by John W. Lambert

The name of composer Robert Moran is probably not familiar to many of our readers, but he’s an American (b.1937 in Denver) and he’s still alive and kicking, and UNC-CH is celebrating his music this year with not one but two events. The first, reported above by Roy Dicks, was a performance of “Points of Departure.” The festivities continue in April, when UNC’s Opera Workshop presents two performances of his opera “From the Towers of the Moon.” We met and interviewed Moran during a UNCSO rehearsal on October 3. Tonu Kalam will conduct the opera, and the production will be directed by Terry Rhodes. Moran missed the performance reviewed above due to a prior commitment in Munich.

Moran doesn’t know Roger Hannay, distinguished composer emeritus of UNC, but
the two have much in common. Both had singularly wild periods of activity early in their careers; both later seem to have embraced the realities of contemporary performance and the needs of our increasingly aging concert audiences–in America, at least.

Moran seems to have known everybody who was anybody and to have studied with
many of ’em. An early convert to opera (thanks in part to the Met’s radio broadcasts), he credits 12-tone specialist Hans Erich Apostel (an acolyte of Schoenberg), Luciano Berio and Darius Milhaud among his principal teachers but was a friend of such diverse artists as Janis Joplin, John Cage, and members of The Grateful Dead (before the group assumed that name). His first huge splash was an extraordinary San Francisco happening in August 1969 that this writer, returning from Viet Nam, missed by just two months. The event was a city-work for the entire Bay Area that, according to a blurb at his website¬†involved “100,000 performers, 2 radio stations, 1 tv station, 30 skyscrapers, 6¬†airplanes, dance ensembles in the streets, etc.” He readily concedes that such a thing could not happen now, in the wake of September 11.

The full-orchestra “Points of Departure” (1993) was prepared for a CD recorded by David Zinman in Baltimore. It is based on an earlier dance work of the same name for chamber orchestra that has proven to be one of Moran’s most enduring scores.

Rehearsals are the workshops in which music comes to life, so when time permits we tend to seek them out. (Please note that aside from the NC Symphony’s “open” rehearsals, students and other interested citizens may arrange to attend many of our preparatory sessions at no charge.) The UNCSO rehearsal of October 3 was revelatory in many respects. Kalam is an outstanding conductor who each season must rebuild his mostly-student ensemble from the ground up. He doesn’t confine his programming to mainstream works although for many of his players things like the Swan Lake Suite are “new” discoveries. The Moran is tricky but gelled quickly and made a big impression. As Dicks has noted, it is both catchy and danceable, and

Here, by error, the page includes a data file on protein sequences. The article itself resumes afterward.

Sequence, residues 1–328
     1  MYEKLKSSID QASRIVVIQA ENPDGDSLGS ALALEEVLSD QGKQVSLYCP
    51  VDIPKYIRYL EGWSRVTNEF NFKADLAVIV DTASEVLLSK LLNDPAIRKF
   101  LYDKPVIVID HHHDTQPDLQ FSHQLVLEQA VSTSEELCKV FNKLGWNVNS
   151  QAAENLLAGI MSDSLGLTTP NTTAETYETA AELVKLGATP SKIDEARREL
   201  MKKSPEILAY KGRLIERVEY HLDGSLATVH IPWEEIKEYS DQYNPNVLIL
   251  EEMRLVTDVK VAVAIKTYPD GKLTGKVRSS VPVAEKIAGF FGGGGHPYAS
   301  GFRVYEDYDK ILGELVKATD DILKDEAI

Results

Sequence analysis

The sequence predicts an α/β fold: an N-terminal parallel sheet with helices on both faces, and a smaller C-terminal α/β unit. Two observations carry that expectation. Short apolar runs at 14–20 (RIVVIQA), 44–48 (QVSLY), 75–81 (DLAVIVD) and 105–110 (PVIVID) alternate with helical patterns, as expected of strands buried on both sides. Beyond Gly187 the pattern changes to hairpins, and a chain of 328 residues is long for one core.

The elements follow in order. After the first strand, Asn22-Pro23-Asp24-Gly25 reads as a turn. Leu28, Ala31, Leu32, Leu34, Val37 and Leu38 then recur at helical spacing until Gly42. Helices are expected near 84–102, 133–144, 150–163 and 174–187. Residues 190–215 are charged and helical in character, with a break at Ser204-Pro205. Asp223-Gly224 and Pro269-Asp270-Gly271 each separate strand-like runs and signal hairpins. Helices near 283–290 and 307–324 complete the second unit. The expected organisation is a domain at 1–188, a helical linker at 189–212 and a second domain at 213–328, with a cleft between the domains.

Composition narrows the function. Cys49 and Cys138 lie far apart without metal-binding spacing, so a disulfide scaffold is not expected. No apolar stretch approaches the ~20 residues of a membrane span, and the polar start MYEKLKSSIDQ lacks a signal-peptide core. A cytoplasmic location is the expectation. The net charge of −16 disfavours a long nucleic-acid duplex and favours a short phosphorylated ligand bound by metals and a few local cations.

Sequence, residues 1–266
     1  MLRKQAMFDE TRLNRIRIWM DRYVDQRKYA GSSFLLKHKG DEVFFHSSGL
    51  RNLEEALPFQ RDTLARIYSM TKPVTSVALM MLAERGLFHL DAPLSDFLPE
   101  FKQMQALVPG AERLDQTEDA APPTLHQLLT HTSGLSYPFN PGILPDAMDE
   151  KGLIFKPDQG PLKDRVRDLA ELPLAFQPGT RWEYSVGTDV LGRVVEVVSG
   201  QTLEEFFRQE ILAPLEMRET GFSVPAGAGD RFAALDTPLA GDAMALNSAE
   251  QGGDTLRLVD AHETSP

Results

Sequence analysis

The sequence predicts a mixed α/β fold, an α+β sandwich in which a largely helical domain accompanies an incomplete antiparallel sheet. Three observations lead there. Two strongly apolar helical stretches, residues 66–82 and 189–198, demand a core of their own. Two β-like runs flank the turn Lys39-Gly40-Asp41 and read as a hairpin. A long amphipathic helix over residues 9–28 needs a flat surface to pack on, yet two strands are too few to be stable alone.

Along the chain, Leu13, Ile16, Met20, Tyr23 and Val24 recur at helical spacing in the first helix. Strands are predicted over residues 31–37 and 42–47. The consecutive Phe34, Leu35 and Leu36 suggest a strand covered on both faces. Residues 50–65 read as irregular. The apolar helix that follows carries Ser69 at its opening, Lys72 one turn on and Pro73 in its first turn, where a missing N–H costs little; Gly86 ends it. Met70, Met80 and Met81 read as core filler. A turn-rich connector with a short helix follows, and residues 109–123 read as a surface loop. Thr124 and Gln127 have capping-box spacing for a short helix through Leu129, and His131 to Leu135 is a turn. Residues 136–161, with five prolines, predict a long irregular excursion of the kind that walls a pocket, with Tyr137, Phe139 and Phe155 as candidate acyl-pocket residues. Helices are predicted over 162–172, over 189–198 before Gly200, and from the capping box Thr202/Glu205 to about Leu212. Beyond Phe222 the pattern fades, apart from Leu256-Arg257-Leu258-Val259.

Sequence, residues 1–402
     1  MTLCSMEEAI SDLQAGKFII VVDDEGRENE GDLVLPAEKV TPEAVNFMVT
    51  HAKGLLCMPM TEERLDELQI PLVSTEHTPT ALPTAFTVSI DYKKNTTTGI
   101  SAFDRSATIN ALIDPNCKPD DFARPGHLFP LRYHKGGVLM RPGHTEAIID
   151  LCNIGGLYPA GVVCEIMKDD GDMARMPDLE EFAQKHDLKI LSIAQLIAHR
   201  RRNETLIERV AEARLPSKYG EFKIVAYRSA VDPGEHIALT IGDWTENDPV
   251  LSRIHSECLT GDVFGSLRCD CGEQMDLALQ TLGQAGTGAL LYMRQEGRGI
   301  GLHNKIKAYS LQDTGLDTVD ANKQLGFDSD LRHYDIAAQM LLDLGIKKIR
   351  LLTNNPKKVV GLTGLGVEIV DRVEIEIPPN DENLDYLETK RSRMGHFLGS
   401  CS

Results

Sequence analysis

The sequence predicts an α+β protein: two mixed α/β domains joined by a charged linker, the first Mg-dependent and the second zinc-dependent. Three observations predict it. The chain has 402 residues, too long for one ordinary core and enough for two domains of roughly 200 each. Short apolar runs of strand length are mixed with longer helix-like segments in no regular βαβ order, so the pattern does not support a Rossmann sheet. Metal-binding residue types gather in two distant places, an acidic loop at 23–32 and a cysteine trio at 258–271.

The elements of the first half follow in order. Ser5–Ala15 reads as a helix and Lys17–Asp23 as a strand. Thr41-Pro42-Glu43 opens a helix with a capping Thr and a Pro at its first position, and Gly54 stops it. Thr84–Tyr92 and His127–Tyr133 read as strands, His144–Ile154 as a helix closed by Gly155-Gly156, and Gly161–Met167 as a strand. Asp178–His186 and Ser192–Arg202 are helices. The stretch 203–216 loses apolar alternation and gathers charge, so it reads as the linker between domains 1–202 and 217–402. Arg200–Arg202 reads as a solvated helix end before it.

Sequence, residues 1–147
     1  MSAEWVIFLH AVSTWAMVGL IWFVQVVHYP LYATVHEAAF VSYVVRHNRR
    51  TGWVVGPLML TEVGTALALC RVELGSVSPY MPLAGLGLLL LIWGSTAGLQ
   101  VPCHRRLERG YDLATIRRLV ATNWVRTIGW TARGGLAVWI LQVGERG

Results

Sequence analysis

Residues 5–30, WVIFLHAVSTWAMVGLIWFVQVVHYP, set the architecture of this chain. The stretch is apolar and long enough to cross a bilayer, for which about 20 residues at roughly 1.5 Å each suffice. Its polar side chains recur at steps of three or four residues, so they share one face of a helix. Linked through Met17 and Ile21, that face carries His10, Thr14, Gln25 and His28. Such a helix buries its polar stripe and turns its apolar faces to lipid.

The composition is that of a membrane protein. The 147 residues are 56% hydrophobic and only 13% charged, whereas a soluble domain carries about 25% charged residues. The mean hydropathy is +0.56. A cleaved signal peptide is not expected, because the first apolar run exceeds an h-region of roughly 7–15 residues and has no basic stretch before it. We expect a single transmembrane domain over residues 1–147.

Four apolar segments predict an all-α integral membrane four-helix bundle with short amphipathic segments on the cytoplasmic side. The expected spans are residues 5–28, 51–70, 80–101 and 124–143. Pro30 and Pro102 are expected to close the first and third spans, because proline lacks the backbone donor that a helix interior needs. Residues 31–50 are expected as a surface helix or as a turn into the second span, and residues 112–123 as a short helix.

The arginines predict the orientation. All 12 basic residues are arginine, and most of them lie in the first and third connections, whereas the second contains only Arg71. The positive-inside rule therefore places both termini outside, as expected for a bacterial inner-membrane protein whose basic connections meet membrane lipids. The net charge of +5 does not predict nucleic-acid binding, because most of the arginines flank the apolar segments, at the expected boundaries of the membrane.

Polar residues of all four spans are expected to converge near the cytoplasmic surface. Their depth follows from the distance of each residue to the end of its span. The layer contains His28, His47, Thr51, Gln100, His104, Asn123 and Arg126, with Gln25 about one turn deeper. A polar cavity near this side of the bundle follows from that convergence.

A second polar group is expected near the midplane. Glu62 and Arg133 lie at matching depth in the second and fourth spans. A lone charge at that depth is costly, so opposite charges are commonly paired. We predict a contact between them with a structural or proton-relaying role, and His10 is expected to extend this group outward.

it ends “with a searching, uplifting theme.” It also sounds American, but American as colored by the best of the great 20th-century French school. There’s a touch of influence of the so-called minimalist composers but this is no minimalist piece. This is understandable in the context of one of Moran’s most telling remarks: he observed that the first great example of what we now call minimalism is the introduction to Wagner’s Das Rheingold.

It will be interesting to experience a live performance of one of Moran’s operas, and the April 19-20 renditions of “From the Towers of the Moon” will give local audiences that opportunity. As the composer’s website notes, the one-act work features a libretto by Michael John LaChiusa, was commissioned and premiered by Minnesota Opera in 1992, is based on an ancient Japanese legend of the Moon Goddess, who comes to Earth, and lasts approximately 80 minutes. It is scored for flute/piccolo, oboe/English horn, clarinet/bass clarinet, bassoon, trumpet, horn, trombone, three synthesizers, one percussionist (playing one timpani, triangle, two suspended cymbals, large tam, suspended car coil, vibraphone, chimes, two timbales, and two sets of bongos) plus two violins, viola, cello (or strings without bassi). The revised version of the opera includes roles for soprano, two mezzos, three tenors, two baritones, a bass, and a mixed chorus portraying various moon gods, the court, etc. Watch CVNC’s calendar for details.

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